The rules (including both the rules and the ambiguities) seem to be the same as in French, and very similar though mirrored in Japanese. In Japanese there are several ways to say "you" and even more ways to say "I", but they are all best avoided. Usually there are other ways to imply who the subject is (e.g. a question tends to imply "you" and a concrete statement tends to imply "I"). In cases where it is unavoidable, it is usually fairly safe to choose a medium-polite word for "you", but a mistake in the possible choices for "I" can be more dangerous. Then there are also changes over time with society — the word "kisama", which used to be the most polite word for "you", is now usable only as sarcasm in an argument and is asking for a fight.

    Grammar aside, some things never change. Here’s a joke I made up after understanding enough of Japanese society:

    Q. How are Japanese people like floating-point numbers?

    A. When two of them meet, if they appear to be equal to each other, they have to repeat the computation with more and more precision until they figure out which is greater than which.

  7. inabil says:


    I want to see this movie but judging from "Good bye lenin" stopped showing.

    So, where did you see the movie?



  8. Nicole says:

    What did you mean when you said ‘bilder knispen’?

    I’ve tried several combinations but could not figure out what you meant. :o)

    Another hint for ‘Sie’ – you normally are recognizable as being not german, so if you start with Sie it should be not that much problem.

    Other way (calling ‘Du’) could bring more troubel.

  9. Martin says:

    There are many things, that play a role when addressing German speaking people:

    * social state

    * job

    * relationship

    * income

    * behavior

    * haircut, clothes

    * mood

    * wheather

    * …

    Golden rule:

    If you are unsure how to address a German, always use "Sie" first.

  10. Raymond Chen says:

    It’s showing at the Metro Theater in Seattle.

    I was taught that "knipsen" means "to snap".

    I wouldn’t be surprised if the verb has since fallen out of favor.

  11. Robert Morris says:

    The "du" and "Sie" thing reminds me somewhat of the "tú" vs. "Ud." thing in Spanish. Sometimes I’m not sure which to use, though with people younger than me it’s normally "tú"" and with teachers and older people it’s normally "Ud.". I know "Ud." is somewhat wearing off with the younger generation, but it is still correct, and I’d use if if I’m in doubt; I’m sure I have a terrible American accent that gives away that I’m not native, anyway, and they’ll just regard it as one of my many issues with the language. :)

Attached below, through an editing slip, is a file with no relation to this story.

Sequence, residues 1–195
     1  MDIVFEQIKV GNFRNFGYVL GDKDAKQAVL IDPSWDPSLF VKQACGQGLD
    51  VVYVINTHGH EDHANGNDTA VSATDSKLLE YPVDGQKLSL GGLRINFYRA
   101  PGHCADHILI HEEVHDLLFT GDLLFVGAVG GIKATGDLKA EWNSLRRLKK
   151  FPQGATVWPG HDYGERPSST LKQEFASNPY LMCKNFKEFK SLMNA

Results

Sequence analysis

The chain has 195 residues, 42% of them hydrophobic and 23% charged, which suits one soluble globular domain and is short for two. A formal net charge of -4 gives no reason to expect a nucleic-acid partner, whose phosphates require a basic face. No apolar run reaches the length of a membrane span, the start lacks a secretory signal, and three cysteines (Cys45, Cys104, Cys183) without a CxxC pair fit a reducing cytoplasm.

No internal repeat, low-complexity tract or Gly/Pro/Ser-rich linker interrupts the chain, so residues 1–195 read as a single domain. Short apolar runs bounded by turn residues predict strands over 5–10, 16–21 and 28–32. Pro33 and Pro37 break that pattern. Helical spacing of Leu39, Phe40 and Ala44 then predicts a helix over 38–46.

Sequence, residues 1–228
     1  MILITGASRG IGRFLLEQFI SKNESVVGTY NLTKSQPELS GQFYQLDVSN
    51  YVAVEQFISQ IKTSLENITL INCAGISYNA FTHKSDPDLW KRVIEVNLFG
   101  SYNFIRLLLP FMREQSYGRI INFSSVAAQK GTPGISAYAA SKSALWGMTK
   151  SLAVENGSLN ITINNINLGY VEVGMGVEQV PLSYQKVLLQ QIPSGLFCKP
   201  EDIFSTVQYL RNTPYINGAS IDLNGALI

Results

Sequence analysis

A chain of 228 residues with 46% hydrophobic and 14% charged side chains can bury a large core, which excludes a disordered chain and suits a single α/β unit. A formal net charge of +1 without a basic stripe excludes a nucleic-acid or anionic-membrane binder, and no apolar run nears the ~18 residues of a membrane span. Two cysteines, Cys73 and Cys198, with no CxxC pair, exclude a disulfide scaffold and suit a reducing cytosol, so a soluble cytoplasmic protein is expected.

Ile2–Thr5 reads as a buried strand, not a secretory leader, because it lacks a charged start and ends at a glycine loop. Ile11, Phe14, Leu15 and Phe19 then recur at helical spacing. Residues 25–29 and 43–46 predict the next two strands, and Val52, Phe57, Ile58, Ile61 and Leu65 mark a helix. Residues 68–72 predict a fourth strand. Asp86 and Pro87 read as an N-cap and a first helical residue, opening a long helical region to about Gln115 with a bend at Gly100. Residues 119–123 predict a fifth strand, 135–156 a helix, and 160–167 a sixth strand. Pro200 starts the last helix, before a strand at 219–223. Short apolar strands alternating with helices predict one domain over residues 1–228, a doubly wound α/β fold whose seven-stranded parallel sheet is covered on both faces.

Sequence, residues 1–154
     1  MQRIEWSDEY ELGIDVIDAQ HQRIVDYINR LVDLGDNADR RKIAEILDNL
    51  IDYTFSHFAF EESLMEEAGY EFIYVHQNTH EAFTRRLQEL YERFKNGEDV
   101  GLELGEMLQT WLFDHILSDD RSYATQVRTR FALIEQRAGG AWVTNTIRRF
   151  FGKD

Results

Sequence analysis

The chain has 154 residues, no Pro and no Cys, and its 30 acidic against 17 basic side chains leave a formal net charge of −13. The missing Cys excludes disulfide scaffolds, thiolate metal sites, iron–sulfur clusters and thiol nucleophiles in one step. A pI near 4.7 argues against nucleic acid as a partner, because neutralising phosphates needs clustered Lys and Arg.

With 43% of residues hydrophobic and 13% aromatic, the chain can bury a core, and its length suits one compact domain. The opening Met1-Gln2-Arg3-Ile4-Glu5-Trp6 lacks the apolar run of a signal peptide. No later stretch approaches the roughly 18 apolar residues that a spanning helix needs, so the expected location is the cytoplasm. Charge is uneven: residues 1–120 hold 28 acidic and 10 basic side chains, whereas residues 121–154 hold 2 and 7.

12. Christian says:

    "Sie" is seldomly "wrong". If people correct you to use "Du" instead, it’s usually better this way than the other way around.

    Other than that here are my rules:

    * If you don’t know the person, use "Sie".

    * If you’re being introduced to someone, pay attention on how you’re being introduced. If your last name is mentioned, use "Sie", otherwise "Du".

    * In a pub, the staff is "Du". In a restaurant, the staff is "Sie".

  13. Florian says:

    "Bilder knipsen" is perfectly fine. The tricky part is maybe to know when to use it. As usual when dealing with human language, there is no real set rule when and how to use it or not to use it. To think up an example, I’d say translating "I walked around and took a few photos" into "Ich bin herumgelaufen und habe ein paar Bilder geknipst" is absolutely acceptable use. But if you were to ask your wife "dear, take a picture of that church" or ask a stranger "could you take a picture of us, please?" then in German you would probably not say "knips mal ein Bild von der Kirche" or "koennen Sie bitte ein Bild von uns knipsen". I’d rather say "mach’ mal ein Bild von der Kirche" oder "koennten Sie ein Photo von uns machen, bitte?".

    But of course it ain’t that easy because in reality I’d probably say to my friend "knips mal die Kirche". :)